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Space Operations

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Subjective - Space models require expert interpretation for user context ... Crane is used only when necessary. ... is an older system, for the most part ... – PowerPoint PPT presentation

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Title: Space Operations


1
Space Operations and the Challenges of Space MS
Panel COL James Mitcham, TRADOC ADCSSA
LTC Kurt Woods, SMDC Ms. Patricia OBrien,
AFSPC Mr. Michael Conroy, NASA KSC
Mr. Tom Johnson, AGI Mr. Sam McNully, CG2 Mr.
Frank Grose, SAIC
2
Space Operations Transformation
  • LTC Kurt Woods
  • Space Missile Defense Battle Lab
  • Chief, Special Projects Division

3
Agenda
  • Why Space is Important
  • Space Mission Areas
  • Space Force Enhancement
  • Space Transformation
  • Current Experimentation

4
Space OIF/Desert Storm
  • SATCOM Usage Increased Dramatically
  • GPS Enabled PGMs
  • Unprecedented Missile Warning
  • Unequaled ISR

Space was Key Enabler for Information Dominance
5
Space Mission Areas
JP 3-14
6
Space Force Enhancement
  • Communications
  • Precision, Velocity, Navigation Timing (PVNT)
  • Environmental Monitoring
  • Intelligence, Surveillance Reconnaissance
    (ISR)
  • Integrated Tactical Warning and Attack Assessment
    (ITWAA)

7
Space Enables Transformation
  • Access to a Global Information Grid of Knowledge
    Services
  • Common Operational Picture
  • Joint, Interagency, Multinational
    Interoperability
  • Self-healing, Self-configuring Networks
  • Joint Interdependent Battle Command
  • Communicate Off the Ramp
  • En-route Mission Planning
  • Distributed Effects Planning
  • Virtual Teaming
  • Network Fires

8
SATCOM Requirements
In 2010 33 Mbps Per person deployed 8.3
million Mbps for an Iraqi invasion force of 250K
personnel 20 T-1 Lines for every person
SATCOM Capacity in BPS Per Deployed Person
9
Transformation Experimentation
  • Space MS
  • Must Provide Accurate Appropriate
    Representation of Space
  • Should Focus on Space as a Medium for Collecting
    and Transporting Information
  • Is Critical for Accurate GIG Analysis
  • Affects the Continuum from Foxhole to Home
    Station

10
Space Operations and the Challenges of Space MS
Panel
  • Ms. Patricia OBrien
  • Studies and Analysis Division
  • Air Force Space Command

11
A New Era of Space
  • The first era of the space age was one of
    experimentation and discovery.We are now on the
    threshold of a new era of the space age, devoted
    to mastering operations in space. Space
    Commission Report, p. xi, Jan 11, 2001.
  • The military uses a variety of tools to simulate
    warfighting environments in support of exercises,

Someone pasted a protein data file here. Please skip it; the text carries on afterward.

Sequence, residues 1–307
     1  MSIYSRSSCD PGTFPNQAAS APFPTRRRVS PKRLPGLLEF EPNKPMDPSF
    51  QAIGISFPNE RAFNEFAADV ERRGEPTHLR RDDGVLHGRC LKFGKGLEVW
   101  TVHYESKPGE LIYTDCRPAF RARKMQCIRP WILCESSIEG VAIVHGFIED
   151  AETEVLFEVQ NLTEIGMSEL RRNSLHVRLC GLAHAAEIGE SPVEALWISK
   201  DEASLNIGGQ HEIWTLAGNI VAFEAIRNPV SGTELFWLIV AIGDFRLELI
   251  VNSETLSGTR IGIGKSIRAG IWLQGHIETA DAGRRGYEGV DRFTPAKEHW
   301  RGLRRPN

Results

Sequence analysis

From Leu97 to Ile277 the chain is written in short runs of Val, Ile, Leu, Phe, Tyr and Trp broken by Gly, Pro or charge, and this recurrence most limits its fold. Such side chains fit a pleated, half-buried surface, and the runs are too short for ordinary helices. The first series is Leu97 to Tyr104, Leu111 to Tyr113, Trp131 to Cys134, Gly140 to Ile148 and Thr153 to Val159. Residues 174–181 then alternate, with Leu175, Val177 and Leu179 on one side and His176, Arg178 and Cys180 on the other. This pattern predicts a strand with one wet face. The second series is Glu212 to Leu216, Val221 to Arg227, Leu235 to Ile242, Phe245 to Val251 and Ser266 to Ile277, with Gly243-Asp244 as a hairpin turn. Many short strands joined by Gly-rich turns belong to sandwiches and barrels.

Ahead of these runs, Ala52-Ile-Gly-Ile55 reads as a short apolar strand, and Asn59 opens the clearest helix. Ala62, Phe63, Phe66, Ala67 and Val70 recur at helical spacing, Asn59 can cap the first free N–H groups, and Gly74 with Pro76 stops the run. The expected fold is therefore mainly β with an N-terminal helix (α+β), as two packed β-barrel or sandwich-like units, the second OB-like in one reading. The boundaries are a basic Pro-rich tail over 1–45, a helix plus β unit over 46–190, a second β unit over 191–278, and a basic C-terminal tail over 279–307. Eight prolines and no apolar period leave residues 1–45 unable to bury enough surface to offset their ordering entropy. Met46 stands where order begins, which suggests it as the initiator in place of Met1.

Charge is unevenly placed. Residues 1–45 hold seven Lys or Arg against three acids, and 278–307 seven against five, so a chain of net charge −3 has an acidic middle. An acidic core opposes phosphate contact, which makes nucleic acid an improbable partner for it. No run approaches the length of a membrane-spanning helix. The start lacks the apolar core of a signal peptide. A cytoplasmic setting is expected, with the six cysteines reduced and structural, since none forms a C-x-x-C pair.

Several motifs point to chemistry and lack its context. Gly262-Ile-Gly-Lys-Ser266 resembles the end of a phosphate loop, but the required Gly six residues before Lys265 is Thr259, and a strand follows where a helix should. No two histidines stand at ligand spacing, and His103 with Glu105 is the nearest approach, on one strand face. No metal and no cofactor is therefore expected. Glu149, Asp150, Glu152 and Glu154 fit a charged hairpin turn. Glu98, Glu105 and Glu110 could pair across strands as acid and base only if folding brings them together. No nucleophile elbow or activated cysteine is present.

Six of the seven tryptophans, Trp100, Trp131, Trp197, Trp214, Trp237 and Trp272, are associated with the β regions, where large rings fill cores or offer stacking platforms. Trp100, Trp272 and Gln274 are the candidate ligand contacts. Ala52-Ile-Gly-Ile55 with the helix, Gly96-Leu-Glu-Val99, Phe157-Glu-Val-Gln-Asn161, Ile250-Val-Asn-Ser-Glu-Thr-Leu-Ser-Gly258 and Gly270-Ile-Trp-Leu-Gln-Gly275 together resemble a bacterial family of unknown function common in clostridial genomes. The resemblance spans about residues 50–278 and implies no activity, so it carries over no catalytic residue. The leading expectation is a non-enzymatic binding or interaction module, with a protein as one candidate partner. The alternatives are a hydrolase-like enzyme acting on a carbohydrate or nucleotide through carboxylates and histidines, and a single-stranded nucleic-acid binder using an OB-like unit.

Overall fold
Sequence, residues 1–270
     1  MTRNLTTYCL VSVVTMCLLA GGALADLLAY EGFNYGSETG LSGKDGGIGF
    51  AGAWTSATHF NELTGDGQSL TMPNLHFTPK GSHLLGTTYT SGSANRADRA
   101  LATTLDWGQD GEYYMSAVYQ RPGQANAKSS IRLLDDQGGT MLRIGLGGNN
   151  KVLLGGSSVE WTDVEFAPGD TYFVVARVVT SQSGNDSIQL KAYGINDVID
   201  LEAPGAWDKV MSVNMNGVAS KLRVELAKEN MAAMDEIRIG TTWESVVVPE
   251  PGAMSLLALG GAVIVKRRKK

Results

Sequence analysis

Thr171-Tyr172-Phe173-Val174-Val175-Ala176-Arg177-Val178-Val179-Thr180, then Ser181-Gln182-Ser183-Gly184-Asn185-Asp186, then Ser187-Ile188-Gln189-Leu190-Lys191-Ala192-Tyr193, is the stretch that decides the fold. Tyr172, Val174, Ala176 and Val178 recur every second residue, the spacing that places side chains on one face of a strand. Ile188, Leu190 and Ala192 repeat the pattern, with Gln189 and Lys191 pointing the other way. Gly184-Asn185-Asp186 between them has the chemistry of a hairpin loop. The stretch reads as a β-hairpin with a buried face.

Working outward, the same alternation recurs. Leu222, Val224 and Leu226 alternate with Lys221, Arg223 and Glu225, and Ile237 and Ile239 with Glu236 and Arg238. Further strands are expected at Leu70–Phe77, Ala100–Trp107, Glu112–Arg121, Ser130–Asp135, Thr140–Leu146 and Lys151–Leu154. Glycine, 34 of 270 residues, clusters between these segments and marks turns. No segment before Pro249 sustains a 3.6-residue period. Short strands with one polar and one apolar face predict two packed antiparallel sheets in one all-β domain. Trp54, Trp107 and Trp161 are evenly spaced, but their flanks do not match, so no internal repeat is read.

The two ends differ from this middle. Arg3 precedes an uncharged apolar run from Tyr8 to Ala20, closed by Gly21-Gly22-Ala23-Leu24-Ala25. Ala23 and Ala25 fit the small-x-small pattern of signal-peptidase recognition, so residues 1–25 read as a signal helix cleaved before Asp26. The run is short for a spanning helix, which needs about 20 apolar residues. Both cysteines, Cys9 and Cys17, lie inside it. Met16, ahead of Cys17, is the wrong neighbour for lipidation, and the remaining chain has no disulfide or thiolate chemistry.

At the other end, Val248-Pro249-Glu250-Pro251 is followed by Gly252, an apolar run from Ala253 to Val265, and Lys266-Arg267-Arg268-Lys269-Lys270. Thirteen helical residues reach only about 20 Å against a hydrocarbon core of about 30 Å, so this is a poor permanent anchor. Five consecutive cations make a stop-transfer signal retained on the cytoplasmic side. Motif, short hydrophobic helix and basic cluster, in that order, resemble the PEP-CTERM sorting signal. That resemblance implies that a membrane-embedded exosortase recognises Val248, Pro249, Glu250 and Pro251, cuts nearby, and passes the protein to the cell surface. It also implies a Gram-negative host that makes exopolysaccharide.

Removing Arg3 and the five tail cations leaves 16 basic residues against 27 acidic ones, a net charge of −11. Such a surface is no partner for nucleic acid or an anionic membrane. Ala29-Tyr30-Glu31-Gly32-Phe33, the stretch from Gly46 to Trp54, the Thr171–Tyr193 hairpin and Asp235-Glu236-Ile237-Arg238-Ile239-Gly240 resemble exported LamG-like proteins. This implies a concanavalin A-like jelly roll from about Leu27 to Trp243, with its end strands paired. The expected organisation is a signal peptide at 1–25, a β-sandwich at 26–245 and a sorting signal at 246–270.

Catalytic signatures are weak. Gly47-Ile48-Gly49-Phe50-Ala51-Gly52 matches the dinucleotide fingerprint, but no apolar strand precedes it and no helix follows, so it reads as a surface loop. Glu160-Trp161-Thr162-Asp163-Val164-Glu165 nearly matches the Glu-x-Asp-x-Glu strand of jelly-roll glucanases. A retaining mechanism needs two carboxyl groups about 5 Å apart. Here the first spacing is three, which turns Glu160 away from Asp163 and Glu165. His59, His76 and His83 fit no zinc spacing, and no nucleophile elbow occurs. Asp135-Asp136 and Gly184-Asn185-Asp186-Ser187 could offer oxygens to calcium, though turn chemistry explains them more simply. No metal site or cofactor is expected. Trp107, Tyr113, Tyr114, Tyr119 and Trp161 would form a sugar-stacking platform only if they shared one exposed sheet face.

experiments and wargames.  However, these tools
    have not been modernized to take into account the
    missions and tasks that space systems perform. 
    As a result simulation tools cannot be used
    effectively to understand the utility of
    space-based capabilities on warfare.
  • Further, the lack of modeling and simulation
    tools has prevented military commanders from
    learning how to cope with the loss or temporary
    interruption of key space capabilities, such as
    GPS, satcom, remote sensing or missile warning
    info.  To support exercises, experiments and
    wargames, the Department must develop and employ
    MS tools based on measures of merit and
    effectiveness that will quantify the effects of
    space-based capabilities.  Space Commission
    Report, p. xxix.

12
How does space contribute to military missions?
  • It depends
  • Static - Detailed engineering models do not
    interact with combat simulations
  • Subjective - Space models require expert
    interpretation for user context  
  • Inconsistent - Many data sources from multiple
    communities of expertise

13
Why are there so many visualization tools? 
  • Because this is rocket science
  • Different phases of space operations (launch,
    on-orbit, maneuvers, reentry)
  • Multiple reference systems and data sources
  • Complexity of missions

14
MS is not keeping pace with military uses of
space.
  • Growing dependence on space
  • Military space needs are not well documented
  • Military science of space operations is immature
  • Cross-Service issues and large user base for
    space effects

15
Mr. Mike ConroyNASA/KSC
  • Space Operations and the Challenges of Space MS

16
Some Thoughts
  • Spacecraft, for today, exist in multiple
    environments, each with their own challenges and
    characteristics
  • Space characteristics include
  • Micro Gravity, Extreme Temperatures, Sparse
    Population, Clean
  • Ground characteristics include
  • Gravity, People, Equipment, Close Environment,
    Dirty
  • Launch characteristics include
  • Vibration, Temperature Variations, Pressure
    Variations, High G
  • Spacecraft characteristics include
  • Lightweight, toxic fuels, fragile components,
    exotic materials
  • Successful spacecraft usually are able to exist